Erik Deumens

Director of duemensUF Information Technology Research Computing and scientist in the Department of Chemistry and Department of Physics.

  • In July 2021, I read Sabine Hossenfelder‘s book “Lost in Math: How beauty leads physics astray” again (read it first in Dec 2018). It is a great read! As I advance in the development of the constructive theory of quantum fields, I see clear answers to many of the issues that she raises!
  • Quantum Field Theory (July 2021) I am finalizing a mathematical paper on the construction of quantum fields. I have been working on this problem since 1980, first at a low rate, then more intensely since 2004, and most intensely since 2017. Currently I am writing the section with the rigorous derivation of covariant perturbation theory and the techniques of Feynman diagrams.
  • Artificial Intelligence (June 2021) A lot of effort is now going into the UF AI initiative. Watch the AI page for activities!
    Cover of Sabine’s book
  • Foundations of Quantum Mechanics
    • In March 2021, I read a wonderful book by Travis Norsen “Foundations of Quantum Mechanics: An Exploration of the Physical Meaning of Quantum Theory,” Springer 2017 ISBN 978-3-319-65866-7. This book has been reviewed by many and is considered to be really good. I completely agree! It is a wonderful introduction to the current state of quantum mechanics and its controversial issues like interpretation of the wave function, the measurement problem, and the widely discussed paradoxes. Chapters 1-5 provide a great and very accessible overview of the theory, defining all the terminology and equations and introducing the relevant concepts. The second part of the book is the really interesting, and I think novel, part. It consists of chapters 6-10 and discusses the main approaches to “explain: quantum mechanics: 6. Copenhagen interpretation, 7. pilot wave theory, 8. Bell’s theorem, 9. spontaneous collapse theory, and 10. many-worlds theory. The book is short, at 310 pages, which makes it very accessible to a wide audience. It sets a new, fresh, 21st Century standard reference to the foundations of quantum mechanics. I hope it prepares some reader to bring clarity to this quantum debate that has now been going on for nearly a century!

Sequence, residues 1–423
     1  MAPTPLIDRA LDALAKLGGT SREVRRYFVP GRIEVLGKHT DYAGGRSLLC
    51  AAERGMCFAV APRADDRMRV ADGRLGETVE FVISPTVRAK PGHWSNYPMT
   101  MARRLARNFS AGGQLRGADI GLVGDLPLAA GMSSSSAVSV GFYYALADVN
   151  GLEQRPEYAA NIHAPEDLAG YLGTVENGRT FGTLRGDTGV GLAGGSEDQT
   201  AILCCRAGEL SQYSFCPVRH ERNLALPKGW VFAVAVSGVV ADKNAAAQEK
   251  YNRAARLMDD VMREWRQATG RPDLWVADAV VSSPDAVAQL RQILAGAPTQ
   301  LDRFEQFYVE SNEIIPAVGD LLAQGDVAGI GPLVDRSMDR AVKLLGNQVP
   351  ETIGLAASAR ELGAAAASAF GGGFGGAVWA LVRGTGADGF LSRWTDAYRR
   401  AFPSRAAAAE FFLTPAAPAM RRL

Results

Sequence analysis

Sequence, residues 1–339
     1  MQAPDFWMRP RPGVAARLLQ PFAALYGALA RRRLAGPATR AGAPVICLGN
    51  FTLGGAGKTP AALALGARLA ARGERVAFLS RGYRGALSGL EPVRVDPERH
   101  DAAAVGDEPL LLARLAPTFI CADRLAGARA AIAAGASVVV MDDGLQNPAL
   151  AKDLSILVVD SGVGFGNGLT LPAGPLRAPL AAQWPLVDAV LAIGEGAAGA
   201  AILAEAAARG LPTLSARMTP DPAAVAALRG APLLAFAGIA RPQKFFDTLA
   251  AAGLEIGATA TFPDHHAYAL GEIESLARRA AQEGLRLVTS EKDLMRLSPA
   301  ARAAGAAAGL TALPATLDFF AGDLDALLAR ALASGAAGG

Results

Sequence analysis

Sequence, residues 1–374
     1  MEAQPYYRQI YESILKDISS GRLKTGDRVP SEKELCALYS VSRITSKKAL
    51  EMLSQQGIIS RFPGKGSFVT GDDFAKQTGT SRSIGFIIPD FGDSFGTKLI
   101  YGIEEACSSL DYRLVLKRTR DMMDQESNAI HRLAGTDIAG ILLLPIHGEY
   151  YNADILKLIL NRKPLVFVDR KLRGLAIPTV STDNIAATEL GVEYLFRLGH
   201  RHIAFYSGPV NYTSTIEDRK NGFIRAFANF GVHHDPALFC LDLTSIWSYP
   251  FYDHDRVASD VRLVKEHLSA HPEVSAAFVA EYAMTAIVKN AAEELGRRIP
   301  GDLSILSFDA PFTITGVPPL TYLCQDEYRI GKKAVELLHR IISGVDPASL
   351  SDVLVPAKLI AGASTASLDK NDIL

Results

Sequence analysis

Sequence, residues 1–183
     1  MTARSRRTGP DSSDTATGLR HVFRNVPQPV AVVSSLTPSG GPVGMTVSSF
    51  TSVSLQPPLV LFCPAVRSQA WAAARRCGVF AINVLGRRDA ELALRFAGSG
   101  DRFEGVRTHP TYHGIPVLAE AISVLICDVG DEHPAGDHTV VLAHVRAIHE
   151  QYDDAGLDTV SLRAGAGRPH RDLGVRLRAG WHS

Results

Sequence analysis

Cover of Travis Norsen’s book “Foundations of Quantum Mechanics.”
    • On September 30, 2019, I give the Mathematics Colloquium with the title “On using a functional measure to capture the probabilistic character of measurement in quantum mechanics
    • On April 4, 2019, I gave the Physics Colloquium with the title “Quantum mechanics: How Einstein and Bohr led everybody astray.
    • These talks give an introduction and summary of the paper “On Classical Systems and Measurements in Quantum Mechanics”, Erik Deumens, Quantum Studies: Mathematics and Foundation, (2019) 6(4), 481-517 (37 pages) doi: 10.1007/s40509-019-00189-3 (published online(PDF) .

Areas of Interest/Research

  • Quantum Computing During 2019-2020, Beverly Sanders, Hai-Ping Cheng, Jim Freericks, Meera Sitharam, and Chenglong Li, and I prepared for submitting a proposal for an NSF Quantum Leap Challenge Institute in Sept. 2020. In preparation for that proposal, Beverly and I taught a class on quantum information science during the spring semester that was a lot of fun. All of us, students, guest lecturers, and teachers learned a lot. As a final exam, the students had to finish a project in groups of up to 3 people on a topic of their choice. This resulted in a great set of projects and reports! The proposal was not funded, but it gave us a great opportunity to get up to speed on one of the hot topics of the day!
  • On Mar 14, 2019, my paper on the foundations and interpretation of quantum mechanics was accepted for publication. It is extracted from the book on quantum mechanics that I submitted to the publisher on Apr 18, 2017 at the recommendation of the reviewers. I have been working on the book since 2004 and on the interpretation of quantum mechanics since 1975, when I first learned about quantum mechanics. Check my Research page for details.
  • Since 2015, my duties includes building a secure infrastructure for research with restricted data that is demonstrably complaint with NIST 800-53 and 800-171 controls. In 2020, that includes implementing the new Cybersecurity Maturity Model Certification (CMMC). I am also working on HITRUST certification for HiPerGator.
  • From 2010, I am an administrator, running the department of Research Computing in UF Information Technology, which provides infrastructure for researchers at UF and their collaborators to perform the computational and data management tasks that are part of modern research in all fields of scholarship, engineering, science, and mathematics.
  • I have always been very interested in quantum mechanics and the theories of special and general relativity. Most of my scientific career, I have worked in computational molecular physics.


I have been a computational physicist and chemist during most of his career. I am the principal author of the time dependent approach to molecular dynamics that treats both the atomic nuclei and the electrons explicitly, called electron nuclear dynamics. I am the author of the ENDyne software that implements this method. I also created of the super instruction architecture, an approach to support rapid programming of complex algorithms that need to scale to tens of thousands of compute cores. ACES III was written using this architecture. Now the successor ACES 4 has been created to further optimize the features of this approach. I have provided support and consulting services for compuational scientists in numerous ways, at UF and an various places around the US.

Contact Information

Phone: (352) 392-6980
Office: 2334 Physics Building
Address: 2001 Museum Road

Updated 31 July 2021